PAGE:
Much like the 2016 Wu Liang, I’ve had a cake of this for close to a year, but this was my first time trying it out. The leaves are large and the cake loosely pressed so I was able to pry off nine grams’ worth of leaves simply by inserting my pick just below the top layer and giving it the slightest of nudges. This was enough to cause the large intertwined leaves to start unraveling and thus I was essentially able to brew this session with the equivalent of mao cha. I did my customary 5s rinse followed by a 5 min. rest before proceeding with the actual brews. The rinse itself had a luxurious mouthfeel and taste, in the same way one might describe silver needle as luxurious.
I did eleven steeps total, the timing for these being 6s, 6s, 8s, 10s, 15s, 20s, 30s, 45s, 75s, 2 min. and 3 min. I was impressed by how effortlessly the first infusion flowed. It had one of the archetypal young raw flavor profiles I’ve seen before, but I’m not sure how to describe it in terms of actual taste. The second steep was darker in flavor and maybe a bit grainy both in terms of texture and taste.
The third steep had a very clean taste. There wasn’t anything that’s easily described in terms of concrete flavor notes. There was however a sweetness that emerged after you’d drunk the tea. Steep four was very reminiscent of a dan cong in terms of mouthfeel and taste. There was even some mild astringency that was very similar to what you’d find in a dan cong. The flavors were accompanied by a nice, very unique sweetness. The unique sweetness continued in the fifth infusion, this time being present immediately. The sweetness only got more potent as the tea cooled down. There were also hints of perhaps a vegetal character somewhere in the background.
Over the steeps the mouthfeel had gotten thinner at each step and the sixth steep was the first time I also saw a drop in flavor. The taste was predominantly mineral, nothing particularly interesting. The next steep was harsher, possibly due to the larger increase in steeping time. What was noteworthy about it was the qi. First my tongue started to swell and rise toward the roof of my mouth. Eventually my entire mouth and jaw felt numb like after being administered a local anesthetic at the dentist.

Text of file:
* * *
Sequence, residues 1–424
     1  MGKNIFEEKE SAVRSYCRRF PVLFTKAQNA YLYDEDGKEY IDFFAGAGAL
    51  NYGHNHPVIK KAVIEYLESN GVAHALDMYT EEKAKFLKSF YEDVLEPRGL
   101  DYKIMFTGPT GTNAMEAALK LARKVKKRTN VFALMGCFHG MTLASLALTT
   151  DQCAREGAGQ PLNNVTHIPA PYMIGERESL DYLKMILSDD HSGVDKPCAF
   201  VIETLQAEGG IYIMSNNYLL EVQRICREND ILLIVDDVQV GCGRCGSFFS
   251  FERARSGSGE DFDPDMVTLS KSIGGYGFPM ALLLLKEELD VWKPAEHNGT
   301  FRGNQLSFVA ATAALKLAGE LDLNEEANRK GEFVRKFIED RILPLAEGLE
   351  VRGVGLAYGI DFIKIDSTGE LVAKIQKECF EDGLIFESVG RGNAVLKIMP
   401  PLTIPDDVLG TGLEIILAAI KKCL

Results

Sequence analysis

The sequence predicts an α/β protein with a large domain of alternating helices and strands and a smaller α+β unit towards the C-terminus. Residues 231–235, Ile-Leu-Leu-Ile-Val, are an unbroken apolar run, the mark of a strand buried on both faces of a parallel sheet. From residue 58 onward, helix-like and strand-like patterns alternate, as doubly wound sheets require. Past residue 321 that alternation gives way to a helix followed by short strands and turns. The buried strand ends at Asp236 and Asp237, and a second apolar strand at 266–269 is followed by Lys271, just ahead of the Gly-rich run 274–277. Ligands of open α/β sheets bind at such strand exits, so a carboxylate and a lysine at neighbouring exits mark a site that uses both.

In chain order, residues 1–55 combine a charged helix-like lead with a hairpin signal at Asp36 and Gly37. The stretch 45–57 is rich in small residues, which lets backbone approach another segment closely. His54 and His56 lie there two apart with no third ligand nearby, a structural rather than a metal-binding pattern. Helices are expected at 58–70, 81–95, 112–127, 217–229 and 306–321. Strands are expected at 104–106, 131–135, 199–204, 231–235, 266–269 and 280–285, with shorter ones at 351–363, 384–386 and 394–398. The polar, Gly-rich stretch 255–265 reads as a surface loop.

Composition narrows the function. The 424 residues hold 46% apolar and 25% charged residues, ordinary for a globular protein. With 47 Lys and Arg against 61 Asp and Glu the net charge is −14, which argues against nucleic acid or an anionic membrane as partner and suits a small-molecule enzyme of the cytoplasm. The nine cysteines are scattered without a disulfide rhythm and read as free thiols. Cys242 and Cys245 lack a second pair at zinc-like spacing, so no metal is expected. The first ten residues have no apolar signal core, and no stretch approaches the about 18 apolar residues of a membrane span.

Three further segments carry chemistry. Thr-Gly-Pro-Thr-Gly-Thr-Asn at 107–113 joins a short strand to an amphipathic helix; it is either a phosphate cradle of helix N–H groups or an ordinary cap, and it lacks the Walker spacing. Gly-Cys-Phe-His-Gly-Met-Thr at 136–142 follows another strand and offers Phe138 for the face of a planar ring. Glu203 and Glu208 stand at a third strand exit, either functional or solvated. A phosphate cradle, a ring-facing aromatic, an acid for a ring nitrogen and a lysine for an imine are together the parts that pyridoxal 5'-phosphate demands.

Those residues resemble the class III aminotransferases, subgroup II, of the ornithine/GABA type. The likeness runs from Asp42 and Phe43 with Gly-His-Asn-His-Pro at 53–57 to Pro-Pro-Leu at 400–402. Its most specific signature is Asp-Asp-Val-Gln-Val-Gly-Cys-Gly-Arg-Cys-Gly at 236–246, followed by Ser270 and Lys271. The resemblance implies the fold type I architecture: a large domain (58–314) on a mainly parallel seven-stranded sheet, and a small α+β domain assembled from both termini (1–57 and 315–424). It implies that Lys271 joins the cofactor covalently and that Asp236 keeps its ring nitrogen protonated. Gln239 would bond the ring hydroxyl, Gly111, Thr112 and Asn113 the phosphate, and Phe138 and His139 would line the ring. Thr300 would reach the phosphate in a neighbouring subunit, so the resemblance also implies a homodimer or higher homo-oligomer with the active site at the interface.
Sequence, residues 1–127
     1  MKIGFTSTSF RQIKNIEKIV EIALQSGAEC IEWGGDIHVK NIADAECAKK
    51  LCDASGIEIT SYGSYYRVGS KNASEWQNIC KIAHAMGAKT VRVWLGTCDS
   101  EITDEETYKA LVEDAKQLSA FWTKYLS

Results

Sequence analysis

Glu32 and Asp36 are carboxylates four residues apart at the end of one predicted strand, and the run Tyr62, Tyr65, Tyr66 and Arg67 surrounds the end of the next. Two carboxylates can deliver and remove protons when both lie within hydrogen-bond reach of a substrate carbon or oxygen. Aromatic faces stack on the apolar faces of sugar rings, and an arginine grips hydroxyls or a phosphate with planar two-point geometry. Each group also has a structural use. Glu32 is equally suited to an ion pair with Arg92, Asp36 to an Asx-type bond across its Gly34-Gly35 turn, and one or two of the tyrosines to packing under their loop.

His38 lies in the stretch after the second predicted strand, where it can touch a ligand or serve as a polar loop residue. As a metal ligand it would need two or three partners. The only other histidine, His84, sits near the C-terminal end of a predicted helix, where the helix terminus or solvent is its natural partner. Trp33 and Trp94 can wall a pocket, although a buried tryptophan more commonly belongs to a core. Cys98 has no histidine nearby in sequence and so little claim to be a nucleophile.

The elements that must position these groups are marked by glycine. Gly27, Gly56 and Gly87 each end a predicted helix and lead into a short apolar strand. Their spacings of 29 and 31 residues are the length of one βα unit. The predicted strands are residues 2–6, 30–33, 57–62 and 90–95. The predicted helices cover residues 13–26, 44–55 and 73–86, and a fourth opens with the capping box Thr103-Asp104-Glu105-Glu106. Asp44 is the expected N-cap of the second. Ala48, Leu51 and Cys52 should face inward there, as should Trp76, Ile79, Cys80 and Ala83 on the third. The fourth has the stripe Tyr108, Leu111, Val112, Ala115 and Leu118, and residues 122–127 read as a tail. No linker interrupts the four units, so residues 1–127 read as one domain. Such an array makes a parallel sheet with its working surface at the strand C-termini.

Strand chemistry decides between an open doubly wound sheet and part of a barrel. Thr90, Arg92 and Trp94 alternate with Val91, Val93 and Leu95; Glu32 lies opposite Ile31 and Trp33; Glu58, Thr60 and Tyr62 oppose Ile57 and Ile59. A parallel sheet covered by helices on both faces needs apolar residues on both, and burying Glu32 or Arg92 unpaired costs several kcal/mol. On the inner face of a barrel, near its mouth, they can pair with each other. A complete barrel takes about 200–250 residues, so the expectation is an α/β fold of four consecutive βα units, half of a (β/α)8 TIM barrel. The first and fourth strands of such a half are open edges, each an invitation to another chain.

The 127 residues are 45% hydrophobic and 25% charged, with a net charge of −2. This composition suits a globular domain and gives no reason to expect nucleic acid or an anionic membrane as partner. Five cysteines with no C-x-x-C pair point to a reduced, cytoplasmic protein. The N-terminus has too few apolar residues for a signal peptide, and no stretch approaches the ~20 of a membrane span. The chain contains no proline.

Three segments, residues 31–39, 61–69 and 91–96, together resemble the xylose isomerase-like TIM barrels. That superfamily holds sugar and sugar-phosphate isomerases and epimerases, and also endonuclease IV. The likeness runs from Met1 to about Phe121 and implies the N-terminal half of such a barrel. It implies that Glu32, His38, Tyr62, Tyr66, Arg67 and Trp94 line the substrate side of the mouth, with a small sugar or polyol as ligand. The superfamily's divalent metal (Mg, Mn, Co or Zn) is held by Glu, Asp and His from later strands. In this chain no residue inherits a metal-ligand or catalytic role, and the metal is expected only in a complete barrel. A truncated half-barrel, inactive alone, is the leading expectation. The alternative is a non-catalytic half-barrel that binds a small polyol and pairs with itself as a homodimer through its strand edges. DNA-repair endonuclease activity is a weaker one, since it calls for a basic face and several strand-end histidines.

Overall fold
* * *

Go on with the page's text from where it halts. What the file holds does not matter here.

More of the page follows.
Steep eight presented even more harshness, but also more sweetness in the finish. The lasting aftertaste that was present in practically every steep in this session was particularly prominent here. Thankfully the harshness decreased in the ninth steep, although there was still some. The taste was mineral and sweet with a quite nice mouthfeel.
The second-to-last infusion wasn’t thick, but just for this one steep the mouthfeel returned back to being really luxurious and lubricating. The harshness was gone and the tea had become gentler and decently sweet. The mouthfeel was oh so nice. At this point I found myself starting to feel a bit silly and slightly tea drunk. Unfortunately the session was cut short quite abruptly as the eleventh steep produced hardly any taste while having a very nasty character to it. There was color, but to me the tea came across as dead.
Overall this is definitely a quality tea. It’s a shame I reviewed it right after the 2017 He Tao Di as that tea was so spectacular it would’ve been hard to get excited about anything short of awe-inspiring. The attribute that stood out most about this tea was the long-lasting aftertaste which you could expect consistently from each steep. Although the qi was ultimately nothing massive, its presence really helped lift this tea above some of the less noteworthy competition. There’s quite a bit of cumulative sweetness already and I would expect this to only enhance as the years go by. Although not very consistent during this session, at its best the mouthfeel of this tea was very good and just like the sweetness I hope it will improve over time. During the middle steeps there were times when I wouldn’t have been able to tell this apart from a dan cong, which might make this an interesting one to try for fans of dan cong teas.